Britain offers to host Darfur peace talks

Britain has offered to host peace talks on the strife-torn Sudanese region of Darfur under proposals put forward by Prime Minister Gordon Brown, his office said on Sunday.

British officials have been in contact with the Khartoum regime and rebel groups to offer the possibility of a summit.

A Downing Street spokesperson said: “Britain is willing to invite all parties to London for talks to see if there is a way to make some progress.”

Details of the offer were released as activists in 30 countries prepared to hold a global day of action on Sunday to mark the fifth anniversary of the start of the Darfur conflict.

Brown said in a statement he was frustrated at the “appalling situation and the slow progress” in brokering peace talks.

He promised to bring up the issue of deploying peacekeepers in Darfur during talks with United States President George Bush and United Nations Secretary General Ban Ki-moon in the US next week.

Brown, who discussed Darfur with Hollywood star and campaigner George Clooney this month, said the impact of the violence on young people has been devastating.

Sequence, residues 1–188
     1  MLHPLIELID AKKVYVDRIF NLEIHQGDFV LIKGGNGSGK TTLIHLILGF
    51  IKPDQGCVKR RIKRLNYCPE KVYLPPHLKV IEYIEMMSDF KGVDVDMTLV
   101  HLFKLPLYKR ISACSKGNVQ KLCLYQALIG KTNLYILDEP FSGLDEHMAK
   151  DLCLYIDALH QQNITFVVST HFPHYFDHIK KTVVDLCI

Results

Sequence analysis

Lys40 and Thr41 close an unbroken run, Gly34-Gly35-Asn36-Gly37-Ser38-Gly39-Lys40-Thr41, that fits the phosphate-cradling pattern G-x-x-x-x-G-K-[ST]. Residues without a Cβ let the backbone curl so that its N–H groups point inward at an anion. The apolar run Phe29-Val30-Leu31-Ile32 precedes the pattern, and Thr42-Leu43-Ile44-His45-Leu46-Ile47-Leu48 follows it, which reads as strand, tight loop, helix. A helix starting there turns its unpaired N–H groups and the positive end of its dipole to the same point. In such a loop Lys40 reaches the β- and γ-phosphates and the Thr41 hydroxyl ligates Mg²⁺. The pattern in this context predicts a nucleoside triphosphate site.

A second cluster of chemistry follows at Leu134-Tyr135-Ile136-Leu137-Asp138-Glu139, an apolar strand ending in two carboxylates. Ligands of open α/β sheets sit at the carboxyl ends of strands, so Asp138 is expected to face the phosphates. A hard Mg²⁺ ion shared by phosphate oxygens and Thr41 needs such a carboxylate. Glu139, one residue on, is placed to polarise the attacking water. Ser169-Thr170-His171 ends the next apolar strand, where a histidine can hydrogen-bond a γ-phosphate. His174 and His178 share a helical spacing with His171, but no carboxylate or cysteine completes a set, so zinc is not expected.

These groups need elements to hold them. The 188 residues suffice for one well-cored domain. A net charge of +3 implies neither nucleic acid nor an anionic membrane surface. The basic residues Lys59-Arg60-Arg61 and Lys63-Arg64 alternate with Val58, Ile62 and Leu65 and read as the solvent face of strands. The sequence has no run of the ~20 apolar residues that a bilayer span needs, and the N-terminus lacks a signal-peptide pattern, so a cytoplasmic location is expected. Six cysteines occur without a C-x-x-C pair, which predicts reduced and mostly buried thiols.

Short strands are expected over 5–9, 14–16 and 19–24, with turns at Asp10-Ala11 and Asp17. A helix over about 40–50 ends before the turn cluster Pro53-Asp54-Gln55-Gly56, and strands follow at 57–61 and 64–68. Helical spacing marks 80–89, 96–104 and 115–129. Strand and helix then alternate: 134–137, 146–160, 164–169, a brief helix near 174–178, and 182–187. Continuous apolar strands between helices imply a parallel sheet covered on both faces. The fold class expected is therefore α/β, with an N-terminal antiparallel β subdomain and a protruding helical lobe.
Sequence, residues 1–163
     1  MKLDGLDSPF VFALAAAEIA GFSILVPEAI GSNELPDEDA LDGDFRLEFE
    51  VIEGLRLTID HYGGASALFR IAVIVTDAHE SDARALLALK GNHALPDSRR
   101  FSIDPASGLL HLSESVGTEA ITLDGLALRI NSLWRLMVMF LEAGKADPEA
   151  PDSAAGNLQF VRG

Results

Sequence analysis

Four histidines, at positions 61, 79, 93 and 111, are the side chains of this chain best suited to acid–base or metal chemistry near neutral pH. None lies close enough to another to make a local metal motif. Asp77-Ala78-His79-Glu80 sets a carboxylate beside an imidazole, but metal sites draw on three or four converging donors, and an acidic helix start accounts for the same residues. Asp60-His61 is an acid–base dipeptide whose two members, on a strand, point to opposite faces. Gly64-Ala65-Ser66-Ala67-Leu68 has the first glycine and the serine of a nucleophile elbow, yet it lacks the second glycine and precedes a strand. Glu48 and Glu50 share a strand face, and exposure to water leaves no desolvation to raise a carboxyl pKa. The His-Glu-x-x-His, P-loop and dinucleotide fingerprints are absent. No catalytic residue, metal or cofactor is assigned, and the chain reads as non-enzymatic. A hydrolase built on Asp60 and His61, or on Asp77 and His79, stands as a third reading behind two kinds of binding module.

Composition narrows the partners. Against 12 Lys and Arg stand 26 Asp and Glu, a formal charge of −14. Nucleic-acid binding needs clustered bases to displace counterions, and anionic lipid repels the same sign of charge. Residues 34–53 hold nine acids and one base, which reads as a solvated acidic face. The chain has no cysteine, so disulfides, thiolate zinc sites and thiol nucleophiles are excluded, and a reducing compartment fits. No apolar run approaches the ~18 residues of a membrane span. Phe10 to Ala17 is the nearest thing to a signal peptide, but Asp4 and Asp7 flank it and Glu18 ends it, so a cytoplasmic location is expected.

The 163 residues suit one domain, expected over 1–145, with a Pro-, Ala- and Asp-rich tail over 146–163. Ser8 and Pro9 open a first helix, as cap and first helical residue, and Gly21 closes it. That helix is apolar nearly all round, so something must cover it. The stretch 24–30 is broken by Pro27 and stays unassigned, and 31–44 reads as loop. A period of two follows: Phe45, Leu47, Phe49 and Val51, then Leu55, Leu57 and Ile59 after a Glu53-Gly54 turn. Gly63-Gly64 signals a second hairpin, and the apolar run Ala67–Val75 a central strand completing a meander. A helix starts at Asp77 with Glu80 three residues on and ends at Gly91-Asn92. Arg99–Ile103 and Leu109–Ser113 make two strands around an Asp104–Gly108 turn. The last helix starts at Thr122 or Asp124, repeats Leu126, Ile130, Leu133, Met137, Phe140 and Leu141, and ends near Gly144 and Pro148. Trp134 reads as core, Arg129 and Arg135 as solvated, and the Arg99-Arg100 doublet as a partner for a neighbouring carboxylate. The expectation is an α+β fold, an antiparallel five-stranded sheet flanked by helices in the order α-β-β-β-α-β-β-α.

“Today, on the fifth Global Day for Darfur, the eyes of the world are rightly focused on the millions of men, women and children in the region who continue to start each day with the fear of violence, abduction, rape or death,” he said.

“Already 200 000 people have died, two million have been displaced and four million are surviving on international aid.

“And the effects on children of the violence in Darfur have been nothing short of devastating. One million children have been forced to flee their homes and now live in crowded camps in need of basic food and water; two million children depend on humanitarian aid to survive; and half of all children are not receiving any education.”

Brown added: “I feel frustrated by this appalling situation and the slow progress, but I am determined that we will not fail.”

The Darfur conflict began when ethnic minority rebels took up arms against the Sudanese regime and Arab militia.—Sapa-AFP

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